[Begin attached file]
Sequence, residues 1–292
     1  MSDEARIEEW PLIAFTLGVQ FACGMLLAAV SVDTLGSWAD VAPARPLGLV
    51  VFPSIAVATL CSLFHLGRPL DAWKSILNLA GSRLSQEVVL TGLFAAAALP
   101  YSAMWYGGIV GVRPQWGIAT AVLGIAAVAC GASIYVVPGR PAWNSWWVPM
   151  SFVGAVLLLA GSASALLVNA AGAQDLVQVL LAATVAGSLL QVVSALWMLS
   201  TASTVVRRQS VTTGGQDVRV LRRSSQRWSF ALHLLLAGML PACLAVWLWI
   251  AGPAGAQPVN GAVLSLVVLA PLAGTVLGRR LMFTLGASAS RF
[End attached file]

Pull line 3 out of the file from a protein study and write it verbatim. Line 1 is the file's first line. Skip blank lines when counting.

    51  VFPSIAVATL CSLFHLGRPL DAWKSILNLA GSRLSQEVVL TGLFAAAALP